In 1986, the plaintiff and Hugh Anderson each owned fifty per cent of the stock of Imperial and Building Systems. The plaintiff wanted to sell his interests in the corporations, and Anderson wished to acquire them. The defendant firm represented both parties in preparing documents to carry out the sale. Anderson could not obtain financing to purchase the plaintiff's stock, and ultimately, in full payment for his stock, the plaintiff took a $600,000 note from Anderson, payable over twenty years. The defendants never advised the plaintiff that he should have separate counsel representing him as seller. Although the plaintiff wanted security for the note, he received none except in the stock sold and an insurance policy on Anderson's life. Anderson had no unencumbered assets in December, 1986, apart from stock in the corporations, that he could have offered as collateral. Anderson made monthly payments from April, 1987, through November, 1989, including about $40,000 of the principal on the $600,000 note. In January, 1990, a bank foreclosed on Imperial and Building Systems. Anderson went into bankruptcy in 1992, and his debts were discharged. The plaintiff has no prospect of recovery of the amounts due on the note.
Although this appeal can be disposed of because there was no causal connection between the defendant firm's wrongdoing and the plaintiff's losses, we briefly comment on the firm's participation on behalf of both buyer and seller of the corporate stock. The defendants' position that they were representing the corporations is neither accurate nor an adequate justification for the dual representation. Clearly, the firm was representing differing interests. Under the Mas-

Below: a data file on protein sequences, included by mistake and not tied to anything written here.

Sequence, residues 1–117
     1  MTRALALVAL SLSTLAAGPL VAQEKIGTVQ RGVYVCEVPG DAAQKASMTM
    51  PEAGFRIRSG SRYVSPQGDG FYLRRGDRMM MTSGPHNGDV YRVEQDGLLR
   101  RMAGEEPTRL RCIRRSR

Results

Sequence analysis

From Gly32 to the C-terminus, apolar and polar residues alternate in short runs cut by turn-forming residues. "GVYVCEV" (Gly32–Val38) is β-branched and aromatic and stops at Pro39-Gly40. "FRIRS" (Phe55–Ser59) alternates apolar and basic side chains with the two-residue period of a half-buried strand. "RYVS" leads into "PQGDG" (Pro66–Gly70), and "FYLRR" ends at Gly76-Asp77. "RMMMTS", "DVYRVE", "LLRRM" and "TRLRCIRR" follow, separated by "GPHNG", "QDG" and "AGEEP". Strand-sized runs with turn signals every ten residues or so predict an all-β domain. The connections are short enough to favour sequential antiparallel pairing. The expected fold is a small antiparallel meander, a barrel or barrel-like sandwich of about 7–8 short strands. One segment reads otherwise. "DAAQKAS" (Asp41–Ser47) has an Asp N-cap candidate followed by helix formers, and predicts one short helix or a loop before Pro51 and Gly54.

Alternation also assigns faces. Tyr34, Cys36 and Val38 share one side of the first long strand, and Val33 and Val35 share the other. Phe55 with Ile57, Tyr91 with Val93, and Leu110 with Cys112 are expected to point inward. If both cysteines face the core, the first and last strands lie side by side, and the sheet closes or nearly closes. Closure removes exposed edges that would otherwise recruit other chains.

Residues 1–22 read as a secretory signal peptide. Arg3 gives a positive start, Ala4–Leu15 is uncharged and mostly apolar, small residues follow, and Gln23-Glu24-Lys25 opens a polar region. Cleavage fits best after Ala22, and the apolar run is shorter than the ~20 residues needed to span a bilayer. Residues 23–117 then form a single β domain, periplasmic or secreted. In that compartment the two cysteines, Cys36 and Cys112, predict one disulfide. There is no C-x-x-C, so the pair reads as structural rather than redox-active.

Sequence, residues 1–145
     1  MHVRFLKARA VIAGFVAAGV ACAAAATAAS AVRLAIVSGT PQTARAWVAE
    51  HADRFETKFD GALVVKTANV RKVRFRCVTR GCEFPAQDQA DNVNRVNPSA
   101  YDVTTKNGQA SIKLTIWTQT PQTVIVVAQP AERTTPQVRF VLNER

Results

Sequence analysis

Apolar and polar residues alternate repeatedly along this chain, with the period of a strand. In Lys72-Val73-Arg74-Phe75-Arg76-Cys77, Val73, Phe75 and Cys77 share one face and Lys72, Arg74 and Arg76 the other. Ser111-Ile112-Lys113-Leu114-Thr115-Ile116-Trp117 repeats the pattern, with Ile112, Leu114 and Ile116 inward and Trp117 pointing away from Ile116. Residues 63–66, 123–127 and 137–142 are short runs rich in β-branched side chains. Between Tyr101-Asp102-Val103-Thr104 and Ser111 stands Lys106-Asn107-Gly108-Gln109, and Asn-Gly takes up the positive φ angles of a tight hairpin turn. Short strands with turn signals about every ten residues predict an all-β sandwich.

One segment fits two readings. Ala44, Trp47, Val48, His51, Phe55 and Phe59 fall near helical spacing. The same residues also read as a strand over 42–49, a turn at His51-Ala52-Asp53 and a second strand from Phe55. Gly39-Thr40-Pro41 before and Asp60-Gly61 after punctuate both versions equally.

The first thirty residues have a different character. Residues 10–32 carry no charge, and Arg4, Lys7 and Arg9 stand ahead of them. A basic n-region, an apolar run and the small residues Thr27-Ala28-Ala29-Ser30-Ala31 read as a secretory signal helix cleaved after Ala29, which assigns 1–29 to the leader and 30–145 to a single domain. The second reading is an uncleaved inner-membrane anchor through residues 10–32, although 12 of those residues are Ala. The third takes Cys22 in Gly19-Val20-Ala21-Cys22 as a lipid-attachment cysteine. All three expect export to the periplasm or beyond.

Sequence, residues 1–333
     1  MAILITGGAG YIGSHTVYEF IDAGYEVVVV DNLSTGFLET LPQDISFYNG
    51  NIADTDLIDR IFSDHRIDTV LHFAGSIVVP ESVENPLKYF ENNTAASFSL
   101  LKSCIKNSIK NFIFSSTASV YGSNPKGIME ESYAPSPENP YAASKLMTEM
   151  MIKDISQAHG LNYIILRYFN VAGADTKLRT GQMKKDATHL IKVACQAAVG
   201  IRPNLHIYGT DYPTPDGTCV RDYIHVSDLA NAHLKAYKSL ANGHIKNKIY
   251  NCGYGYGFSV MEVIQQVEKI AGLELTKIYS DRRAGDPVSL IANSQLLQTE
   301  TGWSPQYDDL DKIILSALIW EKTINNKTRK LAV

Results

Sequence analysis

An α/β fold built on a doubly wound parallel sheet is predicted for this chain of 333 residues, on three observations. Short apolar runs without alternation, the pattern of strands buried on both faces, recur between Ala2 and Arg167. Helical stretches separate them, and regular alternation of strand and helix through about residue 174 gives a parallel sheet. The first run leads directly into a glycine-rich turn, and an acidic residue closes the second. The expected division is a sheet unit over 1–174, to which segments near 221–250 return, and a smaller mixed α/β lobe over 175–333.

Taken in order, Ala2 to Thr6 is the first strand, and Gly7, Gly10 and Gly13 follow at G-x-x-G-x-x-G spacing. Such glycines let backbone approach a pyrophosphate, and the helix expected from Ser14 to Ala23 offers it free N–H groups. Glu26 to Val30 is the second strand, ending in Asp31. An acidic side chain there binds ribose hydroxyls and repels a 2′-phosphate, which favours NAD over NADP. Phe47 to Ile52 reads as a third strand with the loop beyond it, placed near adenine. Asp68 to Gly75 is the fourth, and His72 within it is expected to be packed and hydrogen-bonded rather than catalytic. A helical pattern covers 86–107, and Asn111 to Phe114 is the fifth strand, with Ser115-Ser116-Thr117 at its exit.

sachusetts Code of Professional Responsibility, S.J.C. Rule 3:07, Canon 5, DR 5-105 (C), as appearing in 382 Mass. 781 (1981), an attorney may properly undertake dual representation only "if it is obvious that he can adequately represent the interest of each and if each consents to the representation after full disclosure of the possible effect of such representation on the exercise of his independent professional judgment on behalf of each." [Note 2] It was not obvious that the law firm could adequately represent the plaintiff's interests against Anderson's interests, especially because Anderson was to be a continuing client of the firm. Moreover, there was no client consent or full disclosure of the sort required by DR 5-105 (C). A violation of DR 5-105 (C), a disciplinary rule intended to protect one in the plaintiff's position, would be some evidence of negligence. See Fishman v. Brooks, 396 Mass. 643 , 649 (1986).